July 5, 2017
Go ahead and bring those Howard Zinn books on your vacation, the TSA doesn’t care
by Julia Fleischaker
Last month, we reported on a story that the TSA was going to start taking an interest in what books you were carrying in your luggage.
A new federal airport security protocol requiring TSA agents to examine passengers’ reading materials is raising questions about whether such screenings could lead to increased profiling on a religious or political basis.
As with most proposals from this administration, it was cause for alarm. And alarm was duly expressed, here by Julia Glum last week in Newsweek:
Jay Stanley, a senior policy analyst for the American Civil Liberties Union, wrote in a Friday blog post that the system could quickly become invasive.
“A person who is reading a book entitled ‘Overcoming Sexual Abuse’ or ‘Overcoming Sexual Dysfunction’ is not likely to want to plop that volume down on the conveyor belt for all to see. Even someone reading a bestseller like ‘50 Shades of Grey’ or a mild self-help book with a title such as ‘What Should I Do With My Life?’ might be shy about exposing his or her reading habits,” Stanley said. “And of course someone reading Arab or Muslim literature in today’s environment has all too much cause to worry about discrimination.”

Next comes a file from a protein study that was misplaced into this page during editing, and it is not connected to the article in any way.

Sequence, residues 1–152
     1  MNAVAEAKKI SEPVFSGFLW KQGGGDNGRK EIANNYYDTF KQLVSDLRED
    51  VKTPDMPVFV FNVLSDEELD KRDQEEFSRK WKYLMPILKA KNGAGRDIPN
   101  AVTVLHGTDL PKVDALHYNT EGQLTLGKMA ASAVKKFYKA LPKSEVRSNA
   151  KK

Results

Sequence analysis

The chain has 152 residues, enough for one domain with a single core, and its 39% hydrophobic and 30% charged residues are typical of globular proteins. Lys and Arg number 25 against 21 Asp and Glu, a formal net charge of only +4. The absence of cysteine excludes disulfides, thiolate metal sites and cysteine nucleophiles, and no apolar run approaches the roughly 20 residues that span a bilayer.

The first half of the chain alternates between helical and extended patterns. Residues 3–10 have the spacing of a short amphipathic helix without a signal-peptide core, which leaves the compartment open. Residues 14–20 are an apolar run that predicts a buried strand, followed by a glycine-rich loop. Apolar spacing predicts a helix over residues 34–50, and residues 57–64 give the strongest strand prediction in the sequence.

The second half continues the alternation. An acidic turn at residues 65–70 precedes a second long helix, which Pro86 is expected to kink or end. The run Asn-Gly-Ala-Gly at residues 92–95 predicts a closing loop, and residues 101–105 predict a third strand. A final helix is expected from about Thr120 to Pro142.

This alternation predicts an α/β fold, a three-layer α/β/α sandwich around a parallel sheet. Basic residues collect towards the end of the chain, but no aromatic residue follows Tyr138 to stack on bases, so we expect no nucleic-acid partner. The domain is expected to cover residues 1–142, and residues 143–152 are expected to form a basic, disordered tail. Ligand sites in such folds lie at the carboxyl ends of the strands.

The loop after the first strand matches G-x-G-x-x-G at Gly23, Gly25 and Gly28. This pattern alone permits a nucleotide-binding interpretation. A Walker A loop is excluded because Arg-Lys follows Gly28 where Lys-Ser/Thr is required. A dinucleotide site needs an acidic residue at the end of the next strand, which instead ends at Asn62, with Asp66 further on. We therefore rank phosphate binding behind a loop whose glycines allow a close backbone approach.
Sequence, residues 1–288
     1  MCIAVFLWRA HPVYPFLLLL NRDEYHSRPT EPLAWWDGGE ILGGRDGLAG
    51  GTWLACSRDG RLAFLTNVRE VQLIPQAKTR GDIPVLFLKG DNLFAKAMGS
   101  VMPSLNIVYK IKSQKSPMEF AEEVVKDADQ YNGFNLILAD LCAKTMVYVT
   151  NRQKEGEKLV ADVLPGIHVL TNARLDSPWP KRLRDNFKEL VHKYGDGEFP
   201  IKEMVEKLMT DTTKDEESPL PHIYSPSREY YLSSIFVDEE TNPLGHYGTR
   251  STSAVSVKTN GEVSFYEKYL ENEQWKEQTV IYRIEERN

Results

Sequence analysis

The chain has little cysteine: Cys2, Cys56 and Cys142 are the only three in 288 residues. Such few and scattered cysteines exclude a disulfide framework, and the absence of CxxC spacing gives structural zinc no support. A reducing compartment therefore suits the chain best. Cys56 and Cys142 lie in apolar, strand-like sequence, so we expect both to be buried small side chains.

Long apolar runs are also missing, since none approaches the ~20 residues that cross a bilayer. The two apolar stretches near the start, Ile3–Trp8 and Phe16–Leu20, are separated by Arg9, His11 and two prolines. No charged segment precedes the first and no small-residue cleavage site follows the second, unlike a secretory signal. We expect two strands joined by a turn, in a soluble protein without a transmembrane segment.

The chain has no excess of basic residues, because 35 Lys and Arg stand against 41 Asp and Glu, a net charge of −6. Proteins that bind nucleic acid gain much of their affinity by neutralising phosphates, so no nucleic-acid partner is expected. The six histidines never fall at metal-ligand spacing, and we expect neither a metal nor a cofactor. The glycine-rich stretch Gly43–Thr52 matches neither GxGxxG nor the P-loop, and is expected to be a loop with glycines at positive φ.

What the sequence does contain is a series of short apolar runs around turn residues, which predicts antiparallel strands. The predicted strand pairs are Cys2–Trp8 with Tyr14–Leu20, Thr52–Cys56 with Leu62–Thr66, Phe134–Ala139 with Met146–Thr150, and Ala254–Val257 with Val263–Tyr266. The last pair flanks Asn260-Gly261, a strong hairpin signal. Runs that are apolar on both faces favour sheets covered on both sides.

Stanley pointed to a 2010 case the ACLU took up after a college student was detained for questioning because he had English-Arabic flash cards that included the word “bomb” in his pockets. The student in question, Nicholas George, ultimately won a $25,000 settlement in 2015, according to CBS News.
Well, in a rare instance of GOOD news, as Inside Higher Education reports, we no longer have to worry about agents checking out our reading material.
The Transportation Security Administration has abandoned a pilot program in which some passengers were asked to remove books from their carry-on luggage during screening. A spokeswoman for the agency said there are no plans to restore the pilot or to expand it.
So go ahead and pack up those Naomi Klein and Junot Díaz books; bring On Tyranny for your next beach read; heck, shove a copy of What We Do Now into your carry-on for each of your vacation cohorts. The TSA (much like rest of the administration) no longer cares about books!
Julia Fleischaker is the director of marketing and publicity at Melville House.